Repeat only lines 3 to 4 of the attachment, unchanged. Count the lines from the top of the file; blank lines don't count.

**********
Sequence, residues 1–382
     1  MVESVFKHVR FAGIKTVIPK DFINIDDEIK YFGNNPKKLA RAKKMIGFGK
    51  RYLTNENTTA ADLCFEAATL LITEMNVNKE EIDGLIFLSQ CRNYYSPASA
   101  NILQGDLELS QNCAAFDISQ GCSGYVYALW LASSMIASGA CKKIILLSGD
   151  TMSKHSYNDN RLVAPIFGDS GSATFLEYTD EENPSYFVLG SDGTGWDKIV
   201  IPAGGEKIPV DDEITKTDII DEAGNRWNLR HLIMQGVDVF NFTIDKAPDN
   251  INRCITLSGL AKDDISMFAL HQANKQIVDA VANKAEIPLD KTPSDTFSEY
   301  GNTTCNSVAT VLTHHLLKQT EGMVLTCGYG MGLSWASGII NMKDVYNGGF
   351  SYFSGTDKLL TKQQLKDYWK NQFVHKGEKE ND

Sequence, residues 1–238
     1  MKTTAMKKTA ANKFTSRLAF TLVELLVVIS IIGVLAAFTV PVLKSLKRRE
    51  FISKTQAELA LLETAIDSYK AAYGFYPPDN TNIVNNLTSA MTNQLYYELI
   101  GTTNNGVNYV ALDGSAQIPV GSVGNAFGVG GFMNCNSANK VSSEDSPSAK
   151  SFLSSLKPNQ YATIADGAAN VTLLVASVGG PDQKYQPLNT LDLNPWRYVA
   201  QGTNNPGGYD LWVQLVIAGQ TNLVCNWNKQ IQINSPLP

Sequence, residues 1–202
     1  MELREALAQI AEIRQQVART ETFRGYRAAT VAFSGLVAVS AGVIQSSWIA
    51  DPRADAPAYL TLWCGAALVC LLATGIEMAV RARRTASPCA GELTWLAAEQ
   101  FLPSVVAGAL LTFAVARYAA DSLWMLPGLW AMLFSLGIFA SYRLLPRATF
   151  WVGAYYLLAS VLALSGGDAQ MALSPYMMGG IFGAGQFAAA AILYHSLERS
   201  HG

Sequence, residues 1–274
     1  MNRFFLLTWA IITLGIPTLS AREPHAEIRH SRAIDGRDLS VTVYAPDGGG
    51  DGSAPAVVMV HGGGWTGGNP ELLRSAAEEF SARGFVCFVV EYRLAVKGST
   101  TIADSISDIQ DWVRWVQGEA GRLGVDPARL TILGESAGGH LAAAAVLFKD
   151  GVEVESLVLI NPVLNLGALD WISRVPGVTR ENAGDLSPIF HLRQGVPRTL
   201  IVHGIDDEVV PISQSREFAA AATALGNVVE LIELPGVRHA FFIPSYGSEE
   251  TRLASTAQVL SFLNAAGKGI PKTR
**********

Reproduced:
    51  RYLTNENTTA ADLCFEAATL LITEMNVNKE EIDGLIFLSQ CRNYYSPASA
   101  NILQGDLELS QNCAAFDISQ GCSGYVYALW LASSMIASGA CKKIILLSGD